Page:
Sunday, October 29, 2006

Lech Lecha 1 - Rejected Heirs

One of the underlying subplots of P' Lech Lecha seems to be Avraham's "failed heirs". By this term, I refer to the people who seem to be in a position to carry on the Abrahamic legacy, but, for one reason or another, fade out of the scene.

1) "The souls they made in Charan". Rashi quotes two opinions on who these people are, whether they are servants whom Avraham and Sarah (and Lot) had acquired or whether they are people whom they brought closer to the way of God. Although the second is somewhat less literal, perhaps Rashi suggested it due to the difficulty of why these people warranted mentioning. The fact that God promised Avraham that he would be blessed implies that he was not so startlingly wealthy upon his departure from Charan that he would have such a large retinue of servants who would warrant mention on their own. Nonetheless, these people are never mentioned after the original departure from Charan. Perhaps at some point in Avraham's journey within Canaan, they abandoned Avraham.

2) Lot. The only member of Avraham's traveling party leaving Charan who merited mention on his own. Even if we allow that he chose to leave his homeland with his grandfather, uncle, and sister rather than staying with his other uncle and sister, when the family split a second time, why did Lot choose to continue traveling, rather than to stay with his grandfather? If we are to look upon Avraham as any sort of a giant for his choice to leave everything that he knew in favor of following God's word, one must also allocate praise to Lot, who put his trust in the prophet of God at the same cost. Nonetheless, in chapter 13, Lot gets into a politicoeconomic argument with his uncle, which causes him to finally cut his ties to the family. Lot has a somewhat heroic, albeit very significantly flawed, role in ch. 19 in S'dom, in which he shows his allegiance to the Abrahamic ideal of hospitality, but shows a mindboggling callousness towards his daughters' safety. The last we hear of him is as the ancestor of two other nations, whose origin story is less-than-reputable. Even more shockingly, these nations become known for their shunning of the idea of hospitality (Devarim 23:4-5), which raises certain questions about the legacy that Lot passed on to them. It always struck me as interesting that Lot's name is Aramaic for "curse", which creates the possibility of Lot being a sort of bizzaro-Avraham.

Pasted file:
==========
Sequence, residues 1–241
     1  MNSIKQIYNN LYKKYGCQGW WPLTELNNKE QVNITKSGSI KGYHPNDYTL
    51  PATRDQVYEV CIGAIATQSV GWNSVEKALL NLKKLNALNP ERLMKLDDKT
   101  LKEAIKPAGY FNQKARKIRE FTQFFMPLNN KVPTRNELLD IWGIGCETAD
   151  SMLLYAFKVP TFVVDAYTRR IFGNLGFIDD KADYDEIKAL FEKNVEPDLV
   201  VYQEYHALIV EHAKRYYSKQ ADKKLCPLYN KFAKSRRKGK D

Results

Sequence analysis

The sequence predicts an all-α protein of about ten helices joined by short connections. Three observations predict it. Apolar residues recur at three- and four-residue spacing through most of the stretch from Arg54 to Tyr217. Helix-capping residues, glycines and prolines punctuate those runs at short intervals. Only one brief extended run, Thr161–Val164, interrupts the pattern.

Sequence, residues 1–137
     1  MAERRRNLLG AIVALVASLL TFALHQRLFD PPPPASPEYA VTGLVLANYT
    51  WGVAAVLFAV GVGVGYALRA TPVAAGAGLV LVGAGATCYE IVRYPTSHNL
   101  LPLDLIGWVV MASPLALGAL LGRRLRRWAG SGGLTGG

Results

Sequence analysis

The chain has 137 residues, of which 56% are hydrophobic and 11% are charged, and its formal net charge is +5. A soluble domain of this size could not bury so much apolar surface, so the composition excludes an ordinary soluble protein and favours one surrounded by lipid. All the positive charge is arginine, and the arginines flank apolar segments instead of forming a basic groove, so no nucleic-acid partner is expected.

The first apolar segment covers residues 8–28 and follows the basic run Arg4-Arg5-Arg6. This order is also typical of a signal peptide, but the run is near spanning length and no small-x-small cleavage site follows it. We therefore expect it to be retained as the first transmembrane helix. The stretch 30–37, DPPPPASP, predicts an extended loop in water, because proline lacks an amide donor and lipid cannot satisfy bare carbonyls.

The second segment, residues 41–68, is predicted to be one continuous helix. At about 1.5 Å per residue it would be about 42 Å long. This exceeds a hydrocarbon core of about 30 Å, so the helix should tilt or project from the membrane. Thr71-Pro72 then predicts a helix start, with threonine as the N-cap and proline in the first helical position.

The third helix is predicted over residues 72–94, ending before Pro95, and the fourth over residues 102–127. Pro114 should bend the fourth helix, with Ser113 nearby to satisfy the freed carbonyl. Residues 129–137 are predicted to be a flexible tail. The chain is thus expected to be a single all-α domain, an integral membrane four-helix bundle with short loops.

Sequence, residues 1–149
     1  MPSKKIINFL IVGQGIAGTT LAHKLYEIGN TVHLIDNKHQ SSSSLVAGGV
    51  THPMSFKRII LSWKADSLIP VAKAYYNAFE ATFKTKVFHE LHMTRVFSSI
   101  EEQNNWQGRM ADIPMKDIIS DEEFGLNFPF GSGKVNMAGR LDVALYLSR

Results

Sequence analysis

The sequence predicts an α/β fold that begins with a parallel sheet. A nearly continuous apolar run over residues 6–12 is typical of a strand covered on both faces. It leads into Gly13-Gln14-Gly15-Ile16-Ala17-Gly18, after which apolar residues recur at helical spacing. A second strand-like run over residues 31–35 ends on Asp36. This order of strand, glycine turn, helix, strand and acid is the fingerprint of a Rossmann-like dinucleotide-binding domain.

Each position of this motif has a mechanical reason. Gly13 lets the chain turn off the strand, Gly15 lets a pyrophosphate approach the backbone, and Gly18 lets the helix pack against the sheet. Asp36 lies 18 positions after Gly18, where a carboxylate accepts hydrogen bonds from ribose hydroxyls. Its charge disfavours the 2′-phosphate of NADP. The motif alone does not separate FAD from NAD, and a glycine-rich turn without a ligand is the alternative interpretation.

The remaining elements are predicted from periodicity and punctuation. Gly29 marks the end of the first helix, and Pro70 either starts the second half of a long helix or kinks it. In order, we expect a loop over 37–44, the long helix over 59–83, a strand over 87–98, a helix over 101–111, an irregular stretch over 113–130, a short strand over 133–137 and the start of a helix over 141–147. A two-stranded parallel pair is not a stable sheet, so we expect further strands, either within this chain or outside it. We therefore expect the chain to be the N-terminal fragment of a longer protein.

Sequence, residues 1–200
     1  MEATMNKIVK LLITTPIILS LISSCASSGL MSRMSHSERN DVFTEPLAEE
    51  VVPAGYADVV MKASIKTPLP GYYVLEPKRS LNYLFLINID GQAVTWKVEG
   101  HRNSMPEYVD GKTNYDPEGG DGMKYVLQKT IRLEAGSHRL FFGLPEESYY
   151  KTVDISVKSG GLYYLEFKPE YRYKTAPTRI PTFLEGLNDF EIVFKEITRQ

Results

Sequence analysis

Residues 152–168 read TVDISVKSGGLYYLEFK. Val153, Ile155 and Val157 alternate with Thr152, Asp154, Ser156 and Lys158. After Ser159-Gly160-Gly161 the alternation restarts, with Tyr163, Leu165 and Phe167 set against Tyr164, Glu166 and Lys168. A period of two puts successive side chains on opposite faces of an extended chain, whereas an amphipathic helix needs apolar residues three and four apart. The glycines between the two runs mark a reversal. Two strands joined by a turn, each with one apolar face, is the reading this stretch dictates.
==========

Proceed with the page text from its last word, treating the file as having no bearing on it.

3) Damasek Eliezer. Avraham openly acknowledges his status as leading candidate for heir in ch. 15, but God promises that he will not be the ultimate heir.

This post has been sitting in my draft pile for a while now, and I'm not going to be thinking any more about it until next year, so I hereby throw it up onto my blog, half-written, perhaps to be added to next year.

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